Antimonies of science studies: towards a critical theory of science and technology
thesisposted on 28.03.2022, 20:41 authored by Nikó Antalffy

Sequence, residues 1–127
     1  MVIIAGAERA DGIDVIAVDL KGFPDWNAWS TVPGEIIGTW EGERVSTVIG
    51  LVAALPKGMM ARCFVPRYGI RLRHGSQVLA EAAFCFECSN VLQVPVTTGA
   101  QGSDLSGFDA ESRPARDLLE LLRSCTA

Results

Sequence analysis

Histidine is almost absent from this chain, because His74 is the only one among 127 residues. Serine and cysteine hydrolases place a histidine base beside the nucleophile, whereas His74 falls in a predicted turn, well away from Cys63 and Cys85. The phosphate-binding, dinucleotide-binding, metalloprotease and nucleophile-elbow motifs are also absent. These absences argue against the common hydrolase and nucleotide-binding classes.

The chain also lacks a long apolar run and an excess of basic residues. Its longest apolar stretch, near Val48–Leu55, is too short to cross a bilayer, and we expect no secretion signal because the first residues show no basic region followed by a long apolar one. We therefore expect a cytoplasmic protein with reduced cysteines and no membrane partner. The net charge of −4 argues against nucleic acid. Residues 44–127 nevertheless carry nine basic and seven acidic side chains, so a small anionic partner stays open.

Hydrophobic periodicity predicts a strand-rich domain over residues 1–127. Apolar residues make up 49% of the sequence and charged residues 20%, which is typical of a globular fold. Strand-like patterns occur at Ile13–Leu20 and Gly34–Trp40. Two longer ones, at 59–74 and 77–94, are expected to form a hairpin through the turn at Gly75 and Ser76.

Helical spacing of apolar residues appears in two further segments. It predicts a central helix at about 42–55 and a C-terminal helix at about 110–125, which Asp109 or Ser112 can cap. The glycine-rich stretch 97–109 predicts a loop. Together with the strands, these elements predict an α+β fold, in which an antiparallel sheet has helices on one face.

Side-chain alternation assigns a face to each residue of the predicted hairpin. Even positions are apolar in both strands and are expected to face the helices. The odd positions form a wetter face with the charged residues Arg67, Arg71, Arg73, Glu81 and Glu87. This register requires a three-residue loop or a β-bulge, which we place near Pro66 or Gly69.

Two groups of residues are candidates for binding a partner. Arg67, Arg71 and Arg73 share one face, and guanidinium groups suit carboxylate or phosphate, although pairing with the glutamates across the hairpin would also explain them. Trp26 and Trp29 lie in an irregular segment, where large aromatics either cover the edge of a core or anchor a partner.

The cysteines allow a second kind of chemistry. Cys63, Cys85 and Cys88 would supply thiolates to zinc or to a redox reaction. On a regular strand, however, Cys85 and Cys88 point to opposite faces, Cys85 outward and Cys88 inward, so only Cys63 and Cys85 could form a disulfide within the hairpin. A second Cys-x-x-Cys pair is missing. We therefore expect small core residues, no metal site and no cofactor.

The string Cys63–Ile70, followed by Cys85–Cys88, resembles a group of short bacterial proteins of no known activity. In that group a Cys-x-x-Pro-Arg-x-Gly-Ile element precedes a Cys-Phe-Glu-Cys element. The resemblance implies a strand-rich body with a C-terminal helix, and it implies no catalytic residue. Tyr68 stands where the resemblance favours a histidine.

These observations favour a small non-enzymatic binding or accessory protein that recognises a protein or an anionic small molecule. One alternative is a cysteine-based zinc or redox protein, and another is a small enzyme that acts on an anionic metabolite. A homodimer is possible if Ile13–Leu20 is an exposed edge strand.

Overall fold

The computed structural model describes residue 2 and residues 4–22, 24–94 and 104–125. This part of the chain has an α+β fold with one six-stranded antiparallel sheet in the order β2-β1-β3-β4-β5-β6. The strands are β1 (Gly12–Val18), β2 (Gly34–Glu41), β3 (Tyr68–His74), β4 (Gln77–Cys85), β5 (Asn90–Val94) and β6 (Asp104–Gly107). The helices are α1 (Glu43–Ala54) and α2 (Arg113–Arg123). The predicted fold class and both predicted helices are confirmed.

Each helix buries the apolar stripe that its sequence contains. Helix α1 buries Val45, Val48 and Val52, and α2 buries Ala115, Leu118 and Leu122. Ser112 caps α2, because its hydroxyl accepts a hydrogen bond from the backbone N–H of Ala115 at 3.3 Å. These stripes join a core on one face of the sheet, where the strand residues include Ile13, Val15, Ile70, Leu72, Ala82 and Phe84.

Science Studies is an interdisciplinary area of scholarship comprising two different traditions, the philosophical History and Philosophy of Science (HPS) and the sociological Science and Technology Studies (STS). The elementary tension between the two is based on their differing scholarly values, one based on philosophy, the other on sociology. This tension has been both animating the field of Science Studies and complicating its internal self-understanding. --This thesis sets out to reconstruct the main episodes in the history of Science Studies that have come to formulate competing constructions of the cultural value and meaning of science and technology. It tells a story of various failed efforts to resolve existing antimonies and suggests that the best way to grapple with the complexity of the issues at stake is to work towards establishing a common ground and dialogue between the rival disciplinary formations: HPS and STS. --First I examine two recent theories in Science Studies, Sociology of Scientific Knowledge (SSK) and Actor-Network Theory (ANT). Both of them are found to be inadequate as they share a distorted view of the HPS-STS divide and both try to colonise the sociology of science with the tools of HPS. The genesis of this colonizing impulse is then traced back to the Science Wars which again is underpinned by a lack of clarity about the HPS-STS relationship. This finding further highlights the responsibility of currently fashionable theories such as ANT that have contributed to this deficit of understanding and dialogue. This same trend is then traced to the work of Thomas Kuhn. He is credited with moderate achievements but recent re-evaluations of his work point to his culpability in closing the field to critical possibilities, stifling the sociological side and giving rise to a distorted view of the HPS-STS relationship as seen in SSK and ANT. Now that the origins of the confused and politically divided state of Science Studies is understood, there is the urgent task of re-establishing a balance and dialogue between the HPS and the STS sides. --I use two important theoretical threads in critical theory of science and technology to bring clarity to the study of these interrelated yet culturally distinct practices. Firstly I look at the solid line of research established by Andrew Feenberg in the critical theory of technology that uses social constructivism to subvert the embedded values in the technical code and hence democratize technology. --Secondly I look at the work of Jürgen Habermas's formidable Critical Theory of science that sheds light on the basic human interests inside science and technology and establishes both the limits and extent to which social constructivism can be used to study them. --Together Feenberg and Habermas show the way forward for Science Studies, a way to establish a common ground that enables close scholarly dialogue between HPS and STS yet understands and maintains the critical difference between the philosophical and the sociological approaches that prevents them from being collapsed into one indistinguishable entity. Together they can restore the HPS-STS balance and through their shared emancipatory vision for society facilitate the bringing of science and technology into a democratic societal oversight, correcting the deficits and shortcomings of recent theories in the field of Science Studies.